Sprout is HP’s attempt at a new take on the desktop computer, one that doesn’t have a mouse and keyboard and instead tries to blend its digital world with what’s on your desk.
The HP Sprout is fitted with a Intel Core i7-4790S processor supported by a NVIDIA GeForce GTX 745A graphics card with dedicated 2GB DDR3 and 8 GB DDR3L. The all-in-one computer, first introduced last year, has a scanner and projector jutting out on top that beams a second screen in front of it, which could show an additional desktop, a specific app, or a virtual keyboard.
The Sprout 3D scanner comes pre-loaded with Microsoft’s Windows 8.1 operating system and include a large 1 TB 5400 rpm SATA SSHD for string scanned images and creating renderings. This solution consists of Sprout with its Intel Real Sense 3D cameras, the proprietary HP 3D Capture Stage and unique 3D capture software. “Sprout, HP’s onramp to its Blended Reality strategy, is the first step on our mission to deliver truly immersive experiences,” said Eric Monsef, Highly Immersive Systems, HP. “The innovative 3D Capture solution uniquely allows users to easily capture an object in 3D that can then be further modified, shared, and printed.” Scanning Accessory and Software The 3D Capture Stage accessory is a turntable that serves as a platform for the objects being scanned.
At launch, the Sprout could only scan objects from a single side, but HP said today that it’ll release a free software update in July enabling full 3D scanning. Now, you can easily create whatever you imagine ‘with your hands’ using Sprout’s revolutionary, immersive, multi-touch technology and Sprout Workspace, the app for capturing, creating, and sharing your ideas. With just a few button taps, the new 3D Capture application works with Sprout’s technology to create a full 3D digital model that can be manipulated. 3D Capture is being introduced as a free upgrade to the current 3D Snapshot software, which captures one side of the object. The next automated update of the Sprout software will include a free version of the 3D scanning application that takes full advantage of the Sprout hardware. Until now, the physical and digital worlds have largely been separated and digital creation has remained in 2D; this new scanning application allows capture of objects in full 3D.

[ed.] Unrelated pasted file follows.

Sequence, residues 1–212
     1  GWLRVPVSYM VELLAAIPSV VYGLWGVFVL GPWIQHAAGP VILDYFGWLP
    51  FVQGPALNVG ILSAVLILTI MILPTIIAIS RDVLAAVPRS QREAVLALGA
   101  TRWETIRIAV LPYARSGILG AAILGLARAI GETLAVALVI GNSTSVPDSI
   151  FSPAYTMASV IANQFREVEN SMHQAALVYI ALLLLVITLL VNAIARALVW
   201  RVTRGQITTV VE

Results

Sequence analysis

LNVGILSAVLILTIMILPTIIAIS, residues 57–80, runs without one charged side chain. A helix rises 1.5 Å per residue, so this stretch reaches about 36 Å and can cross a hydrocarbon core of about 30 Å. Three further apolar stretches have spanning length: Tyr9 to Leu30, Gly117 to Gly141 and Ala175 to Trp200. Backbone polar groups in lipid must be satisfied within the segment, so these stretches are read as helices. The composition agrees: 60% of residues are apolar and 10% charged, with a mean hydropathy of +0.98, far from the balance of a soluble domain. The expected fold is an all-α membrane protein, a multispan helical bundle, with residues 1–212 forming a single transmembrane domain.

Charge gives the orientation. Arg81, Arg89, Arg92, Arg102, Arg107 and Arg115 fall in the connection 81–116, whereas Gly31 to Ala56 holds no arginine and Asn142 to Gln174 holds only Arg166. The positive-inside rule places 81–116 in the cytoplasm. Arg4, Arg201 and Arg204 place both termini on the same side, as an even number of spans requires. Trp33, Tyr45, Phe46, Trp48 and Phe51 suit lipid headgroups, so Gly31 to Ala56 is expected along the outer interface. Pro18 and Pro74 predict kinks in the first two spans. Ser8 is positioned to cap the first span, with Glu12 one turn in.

HP imagines that both hobbyists and professional engineers could use it to work, allowing them to continually redesign and tweak parts by hand — both physically and digitally — throughout their process. Sharing and Printing Sprout users can share 3D objects with a feature that lets others view and manipulate them in an online 3D viewer where they can rotate or resize an object to see multiple perspectives. HP Blended Reality Ecosystem Sprout is a first-of-its-kind Immersive Computing platform that redefines the user experience and creates a foundation for future immersive technologies.
That also points out the limitations to HP’s approach: fancy rigs may be needed for quality 3D scanning today, but it’s already looking like future smartphones will be able to take their place, at least for hobbyists. It’s not clear how many people have decided that it’s right for them — HP declined to share sales figures — but it’s a compelling look at how easy it’s becoming for the average person to start working with 3D models. With the broadest technology portfolio spanning printing, personal systems, software, services and IT infrastructure, HP delivers solutions for customers’ most complex challenges in every region of the world. If such risks or uncertainties materialize or such assumptions prove incorrect, the results of HP and its consolidated subsidiaries could differ materially from those expressed or implied by such forward-looking statements and assumptions.
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